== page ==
Here’s our guide to some of the key things that you might come across as you look to sell your home. By making yourself aware of all of these you’ll be best placed to weigh up the way forward for your house sale.
Let’s be honest, no-one really wants to have to deal with estate agents, do they? A recent poll for YouGov showed that just 15 per cent of people actually trust them to tell the truth. Only politicians and national newspaper journalists are trusted less than estate agents. If you don’t trust the person you are dealing with then it’s only natural to feel uneasy, especially when you are relying on that person to recover full value for your most precious and high-valued asset. Estate agent jargon and terminology can often seem like a language in its own right and becoming fluent in this would be a time-consuming and thankless task.
When you sell a house the ‘traditional way’ you are very often not in control of your own destiny. You’ll sometimes find yourself in a ‘chain’, which means that you are reliant on being able to make your sale in order for you to be able to buy. The most complex of upward chains can contain several people – all banking on each other to be able to see their own plan through to fruition. Yet traditional sales do very often fall through. A study from Which? found that almost a third of people – 28% – said that they had had an offer accepted on a property only to see the sale fall through. In just over a fifth of cases, this was put down to a collapse elsewhere in the chain. A house sale collapse is a costly business too, causing an average loss of almost £3,000.
If you’re selling your house the traditional way, then that means having to find a buyer. Buyers can be picky and all will want to come and look at your property – probably more than once. That means having to make yourself available at a time that suits them (maybe even at the drop of a hat), having to keep the house clean and tidy and maybe even having to act as a salesman – fielding questions and promoting your property. This can feel invasive, stressful and pretty frustrating – especially if people are coming for viewings but aren’t really serious about making an offer.
Speaking of viewings, you also need to get your home in the best possible shape in order to make a successful sale. This might mean repainting some rooms in neutral colours, taking down family photos and maybe putting some belongings into storage. Not only is that all a hassle in its own right, but it can also leave you having to live in a sanitised version of your home for the last weeks and months. Your property might stop feeling like your home, which will only serve to enhance the stress you feel before you’re in a position to move out. The trend of ‘staging’ a home for sale has long been popular in America and is increasingly coming to this country as people look to try to stand out from the crowd and secure a buyer. In the States people have been known to spend thousands of dollars on this and there is an industry of professional ‘stagers’.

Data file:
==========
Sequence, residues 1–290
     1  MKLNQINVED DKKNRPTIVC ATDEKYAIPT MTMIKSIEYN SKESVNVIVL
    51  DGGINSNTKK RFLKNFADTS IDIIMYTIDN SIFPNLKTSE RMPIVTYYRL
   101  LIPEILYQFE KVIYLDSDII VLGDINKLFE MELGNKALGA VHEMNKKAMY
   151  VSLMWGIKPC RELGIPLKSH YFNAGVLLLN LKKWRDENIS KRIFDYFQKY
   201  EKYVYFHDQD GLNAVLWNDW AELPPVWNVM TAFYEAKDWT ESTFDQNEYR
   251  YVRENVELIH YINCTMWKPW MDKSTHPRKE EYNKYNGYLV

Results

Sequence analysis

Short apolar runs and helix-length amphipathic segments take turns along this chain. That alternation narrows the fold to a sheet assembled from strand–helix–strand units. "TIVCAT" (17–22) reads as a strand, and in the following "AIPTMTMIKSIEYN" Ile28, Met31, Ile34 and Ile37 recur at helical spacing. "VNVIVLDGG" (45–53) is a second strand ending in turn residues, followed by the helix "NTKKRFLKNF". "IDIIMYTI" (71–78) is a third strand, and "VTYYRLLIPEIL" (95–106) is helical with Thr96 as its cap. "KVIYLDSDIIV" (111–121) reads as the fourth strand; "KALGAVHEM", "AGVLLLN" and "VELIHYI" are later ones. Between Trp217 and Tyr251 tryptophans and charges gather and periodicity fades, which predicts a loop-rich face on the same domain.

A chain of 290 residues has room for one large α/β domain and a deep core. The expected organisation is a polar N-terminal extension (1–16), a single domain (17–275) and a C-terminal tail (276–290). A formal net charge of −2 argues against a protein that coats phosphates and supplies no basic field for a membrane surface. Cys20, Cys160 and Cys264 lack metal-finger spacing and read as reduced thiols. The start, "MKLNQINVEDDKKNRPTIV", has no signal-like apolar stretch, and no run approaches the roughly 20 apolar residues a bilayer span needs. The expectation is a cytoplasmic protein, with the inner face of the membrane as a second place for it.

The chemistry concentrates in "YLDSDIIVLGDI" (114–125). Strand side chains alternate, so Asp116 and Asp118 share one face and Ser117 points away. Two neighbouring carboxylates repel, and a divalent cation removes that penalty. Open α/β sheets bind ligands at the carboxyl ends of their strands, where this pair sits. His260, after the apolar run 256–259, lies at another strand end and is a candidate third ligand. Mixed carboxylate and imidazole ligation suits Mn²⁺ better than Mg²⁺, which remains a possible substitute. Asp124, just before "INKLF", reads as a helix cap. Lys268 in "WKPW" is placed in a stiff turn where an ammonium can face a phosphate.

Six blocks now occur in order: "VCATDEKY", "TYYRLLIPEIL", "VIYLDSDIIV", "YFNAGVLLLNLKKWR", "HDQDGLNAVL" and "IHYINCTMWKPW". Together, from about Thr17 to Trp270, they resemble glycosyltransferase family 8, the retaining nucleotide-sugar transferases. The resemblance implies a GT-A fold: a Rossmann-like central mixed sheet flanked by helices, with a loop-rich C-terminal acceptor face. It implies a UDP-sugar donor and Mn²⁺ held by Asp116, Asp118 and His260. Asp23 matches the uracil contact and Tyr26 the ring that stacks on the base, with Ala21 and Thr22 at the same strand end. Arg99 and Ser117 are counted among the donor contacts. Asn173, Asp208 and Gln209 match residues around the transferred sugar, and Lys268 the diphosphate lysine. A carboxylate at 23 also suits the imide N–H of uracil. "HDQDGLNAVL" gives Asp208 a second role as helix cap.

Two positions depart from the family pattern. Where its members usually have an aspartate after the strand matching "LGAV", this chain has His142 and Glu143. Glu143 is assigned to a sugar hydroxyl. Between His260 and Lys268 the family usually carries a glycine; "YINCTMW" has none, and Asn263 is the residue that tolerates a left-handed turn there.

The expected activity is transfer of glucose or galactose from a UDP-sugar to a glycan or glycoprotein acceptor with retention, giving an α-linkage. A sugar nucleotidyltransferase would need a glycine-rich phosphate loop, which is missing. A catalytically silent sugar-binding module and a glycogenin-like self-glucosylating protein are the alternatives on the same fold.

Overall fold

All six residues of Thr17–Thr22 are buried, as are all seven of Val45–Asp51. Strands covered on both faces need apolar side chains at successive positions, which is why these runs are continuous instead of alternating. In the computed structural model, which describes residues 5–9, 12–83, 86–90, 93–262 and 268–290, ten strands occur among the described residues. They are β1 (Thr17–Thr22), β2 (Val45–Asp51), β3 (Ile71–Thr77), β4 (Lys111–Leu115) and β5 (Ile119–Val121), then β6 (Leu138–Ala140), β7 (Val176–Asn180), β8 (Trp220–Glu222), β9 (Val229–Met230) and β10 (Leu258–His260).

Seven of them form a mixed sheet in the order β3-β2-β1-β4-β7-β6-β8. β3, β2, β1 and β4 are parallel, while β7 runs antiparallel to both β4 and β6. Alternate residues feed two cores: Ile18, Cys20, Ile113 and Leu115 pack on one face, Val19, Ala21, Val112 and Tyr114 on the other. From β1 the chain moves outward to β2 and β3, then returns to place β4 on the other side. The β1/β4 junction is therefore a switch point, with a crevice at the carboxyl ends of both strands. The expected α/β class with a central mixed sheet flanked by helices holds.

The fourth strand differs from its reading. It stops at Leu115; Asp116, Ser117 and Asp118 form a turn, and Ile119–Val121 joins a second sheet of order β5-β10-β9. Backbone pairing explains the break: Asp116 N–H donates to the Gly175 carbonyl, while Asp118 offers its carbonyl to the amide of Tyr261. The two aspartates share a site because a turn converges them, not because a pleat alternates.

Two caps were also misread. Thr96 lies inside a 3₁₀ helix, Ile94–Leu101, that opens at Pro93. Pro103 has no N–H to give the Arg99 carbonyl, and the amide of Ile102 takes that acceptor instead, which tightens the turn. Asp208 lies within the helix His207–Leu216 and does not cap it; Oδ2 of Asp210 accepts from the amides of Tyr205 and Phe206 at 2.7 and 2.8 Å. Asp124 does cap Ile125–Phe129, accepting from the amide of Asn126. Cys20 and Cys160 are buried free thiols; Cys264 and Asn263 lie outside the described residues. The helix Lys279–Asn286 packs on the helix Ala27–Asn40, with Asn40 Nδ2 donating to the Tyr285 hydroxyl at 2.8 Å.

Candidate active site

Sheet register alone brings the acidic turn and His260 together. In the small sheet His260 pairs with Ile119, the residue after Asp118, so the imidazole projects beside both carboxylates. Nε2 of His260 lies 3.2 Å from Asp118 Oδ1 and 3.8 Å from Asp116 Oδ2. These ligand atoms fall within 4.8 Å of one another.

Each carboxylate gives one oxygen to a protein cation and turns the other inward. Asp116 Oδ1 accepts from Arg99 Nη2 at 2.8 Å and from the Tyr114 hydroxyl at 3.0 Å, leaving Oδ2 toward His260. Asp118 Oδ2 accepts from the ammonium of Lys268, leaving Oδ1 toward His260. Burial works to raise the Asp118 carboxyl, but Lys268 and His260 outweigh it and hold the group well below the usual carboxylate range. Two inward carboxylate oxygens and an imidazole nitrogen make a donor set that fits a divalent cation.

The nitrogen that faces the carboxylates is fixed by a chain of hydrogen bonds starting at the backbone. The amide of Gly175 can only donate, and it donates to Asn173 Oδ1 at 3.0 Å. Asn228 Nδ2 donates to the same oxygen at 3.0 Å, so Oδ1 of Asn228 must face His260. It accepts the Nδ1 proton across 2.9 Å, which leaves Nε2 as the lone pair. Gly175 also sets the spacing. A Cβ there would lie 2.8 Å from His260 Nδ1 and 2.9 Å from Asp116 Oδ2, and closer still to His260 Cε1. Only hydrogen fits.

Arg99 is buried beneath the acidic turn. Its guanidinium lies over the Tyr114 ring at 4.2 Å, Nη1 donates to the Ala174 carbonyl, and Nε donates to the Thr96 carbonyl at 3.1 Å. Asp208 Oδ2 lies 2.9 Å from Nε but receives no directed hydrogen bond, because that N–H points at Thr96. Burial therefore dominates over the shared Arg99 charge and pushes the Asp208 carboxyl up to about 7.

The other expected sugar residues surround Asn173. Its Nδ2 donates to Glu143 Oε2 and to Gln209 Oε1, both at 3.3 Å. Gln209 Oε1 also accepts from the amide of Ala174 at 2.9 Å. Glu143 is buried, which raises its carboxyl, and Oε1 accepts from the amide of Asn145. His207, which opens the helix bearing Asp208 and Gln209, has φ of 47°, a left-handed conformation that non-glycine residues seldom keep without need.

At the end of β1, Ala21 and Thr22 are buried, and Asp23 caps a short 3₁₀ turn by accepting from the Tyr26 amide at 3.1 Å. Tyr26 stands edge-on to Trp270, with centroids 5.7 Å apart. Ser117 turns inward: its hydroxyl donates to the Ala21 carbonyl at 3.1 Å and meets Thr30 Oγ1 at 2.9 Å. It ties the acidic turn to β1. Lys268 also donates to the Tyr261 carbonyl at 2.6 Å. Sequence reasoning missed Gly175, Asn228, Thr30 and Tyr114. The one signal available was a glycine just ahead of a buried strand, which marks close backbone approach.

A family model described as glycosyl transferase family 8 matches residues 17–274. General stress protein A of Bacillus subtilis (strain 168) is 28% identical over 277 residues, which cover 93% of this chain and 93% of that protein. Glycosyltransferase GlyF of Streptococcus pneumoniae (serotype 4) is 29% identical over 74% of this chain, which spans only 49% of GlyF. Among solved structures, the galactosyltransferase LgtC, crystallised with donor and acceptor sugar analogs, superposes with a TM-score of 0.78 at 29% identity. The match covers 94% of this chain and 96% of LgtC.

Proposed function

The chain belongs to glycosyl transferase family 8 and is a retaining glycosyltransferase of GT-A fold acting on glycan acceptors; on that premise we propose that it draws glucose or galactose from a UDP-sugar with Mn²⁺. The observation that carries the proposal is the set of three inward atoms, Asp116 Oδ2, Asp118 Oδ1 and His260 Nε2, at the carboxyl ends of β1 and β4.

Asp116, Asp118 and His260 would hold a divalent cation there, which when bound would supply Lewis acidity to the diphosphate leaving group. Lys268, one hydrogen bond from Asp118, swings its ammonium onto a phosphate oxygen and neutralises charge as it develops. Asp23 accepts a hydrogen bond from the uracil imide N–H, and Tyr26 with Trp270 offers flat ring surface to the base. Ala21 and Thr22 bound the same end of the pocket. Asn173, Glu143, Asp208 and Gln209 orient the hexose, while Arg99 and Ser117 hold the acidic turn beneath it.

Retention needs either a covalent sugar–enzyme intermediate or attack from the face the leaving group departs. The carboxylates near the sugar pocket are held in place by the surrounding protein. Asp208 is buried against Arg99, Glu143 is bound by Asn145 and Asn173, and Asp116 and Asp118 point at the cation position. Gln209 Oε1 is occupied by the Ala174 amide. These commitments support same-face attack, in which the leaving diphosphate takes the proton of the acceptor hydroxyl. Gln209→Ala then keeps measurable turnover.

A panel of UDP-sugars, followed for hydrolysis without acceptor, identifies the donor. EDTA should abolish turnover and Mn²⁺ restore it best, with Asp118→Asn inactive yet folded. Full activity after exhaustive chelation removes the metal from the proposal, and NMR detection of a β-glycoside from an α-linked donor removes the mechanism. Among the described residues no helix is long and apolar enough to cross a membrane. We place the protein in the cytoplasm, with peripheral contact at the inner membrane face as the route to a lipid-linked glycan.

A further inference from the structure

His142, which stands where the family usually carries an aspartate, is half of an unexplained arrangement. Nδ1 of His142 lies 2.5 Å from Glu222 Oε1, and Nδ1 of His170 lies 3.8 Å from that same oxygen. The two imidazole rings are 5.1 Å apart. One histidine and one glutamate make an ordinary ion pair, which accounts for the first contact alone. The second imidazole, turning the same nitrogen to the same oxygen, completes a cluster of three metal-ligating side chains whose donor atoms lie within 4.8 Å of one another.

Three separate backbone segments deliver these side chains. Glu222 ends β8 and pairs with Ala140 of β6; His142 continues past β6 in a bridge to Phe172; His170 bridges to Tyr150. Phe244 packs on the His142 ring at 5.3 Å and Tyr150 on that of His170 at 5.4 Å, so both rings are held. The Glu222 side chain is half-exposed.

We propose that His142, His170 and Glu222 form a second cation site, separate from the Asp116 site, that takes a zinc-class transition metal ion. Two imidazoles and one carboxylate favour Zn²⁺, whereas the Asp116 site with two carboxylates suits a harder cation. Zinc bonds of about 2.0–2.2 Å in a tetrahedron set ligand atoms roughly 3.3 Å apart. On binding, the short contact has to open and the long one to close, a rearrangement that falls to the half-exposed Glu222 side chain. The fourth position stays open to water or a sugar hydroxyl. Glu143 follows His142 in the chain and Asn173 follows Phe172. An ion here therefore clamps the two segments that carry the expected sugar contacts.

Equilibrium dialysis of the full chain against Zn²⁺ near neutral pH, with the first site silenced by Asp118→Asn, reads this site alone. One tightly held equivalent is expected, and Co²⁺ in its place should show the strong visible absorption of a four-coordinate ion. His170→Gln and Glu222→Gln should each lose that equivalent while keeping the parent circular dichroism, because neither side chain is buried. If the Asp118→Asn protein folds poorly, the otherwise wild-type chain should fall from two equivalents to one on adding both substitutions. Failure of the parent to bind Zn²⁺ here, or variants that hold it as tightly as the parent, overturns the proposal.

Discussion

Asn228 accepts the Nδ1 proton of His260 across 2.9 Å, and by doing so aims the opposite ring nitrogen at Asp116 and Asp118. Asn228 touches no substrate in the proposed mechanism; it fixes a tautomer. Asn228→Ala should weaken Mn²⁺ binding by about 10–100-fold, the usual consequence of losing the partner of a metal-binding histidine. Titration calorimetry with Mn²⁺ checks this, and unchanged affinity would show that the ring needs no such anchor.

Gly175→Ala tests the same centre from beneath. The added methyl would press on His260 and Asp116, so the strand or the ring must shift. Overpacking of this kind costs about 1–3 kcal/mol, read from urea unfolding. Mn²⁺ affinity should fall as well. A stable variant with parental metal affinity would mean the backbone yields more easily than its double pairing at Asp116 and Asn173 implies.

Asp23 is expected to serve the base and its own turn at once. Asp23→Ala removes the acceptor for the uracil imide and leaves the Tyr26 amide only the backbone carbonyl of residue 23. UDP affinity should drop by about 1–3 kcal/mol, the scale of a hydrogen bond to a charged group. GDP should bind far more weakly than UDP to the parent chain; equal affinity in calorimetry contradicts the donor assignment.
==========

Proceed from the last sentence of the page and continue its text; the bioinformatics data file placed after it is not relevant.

No matter how you get your home looking, you’ll need lots of photos of it to try to entice people to part with their cash, but this can be a real pain. You try getting a photo of your bathroom that doesn’t make it look tiny, or a ‘good angle’ of your bedroom. Even pros struggle with this. There are plenty of examples of truly terrible pictures being used to try to sell houses – avoiding adding your own home to this can be tricky.
What’s a fair price for your house? Getting this right can be really tricky. First of all, it’s likely that you’re going to be a little biased. The kitchen you fitted, garden you shaped or living room you decorated could well be your pride and joy but you have to face up to the fact that they might not be to other people’s tastes. The money you spent on them won’t necessarily mean that your house is worth any more.
By valuing your property too highly you risk not showing up in the searches of the people you need to attract (people will set an upper limit when browsing online). You might be tempted to sign up with the estate agent who values your property the highest but if they can’t then sell it that value is just a number and represents false hope. If you get this wrong at the start you can reduce the price, but your would-be buyer will also know you’ve done this and will come armed with this knowledge. Even after all of that, you have to accept that your asking price is largely immaterial. Three quarters of buyers make an offer below this and two thirds are successful. By agreeing a price straight away through us you can avoid this game of cat and mouse and guesswork.
Once you’ve battled with the estate agents, sorted your price, got your photos taken and cancelled all of your social engagements it’s time to do something that is possibly the worst part of the whole process: wait. Selling your house can take a long time and it’s easy to feel like your entire life is on hold while you sit tight and hope for an offer. The Centre for Economics and Business Research (CEBR) found the average time is 91 days – although clearly this could be much longer if you’re not careful or depending on the part of the UK in which you live.
Don’t like the sound of all of that? That’s where we can come in. Avoid the estate agents, the viewings, the chains, the waiting game, the pricing cat and mouse and need to turn your house into a cheesy show home by coming to us for a swift and hassle-free sale. You can read more about how our service works here.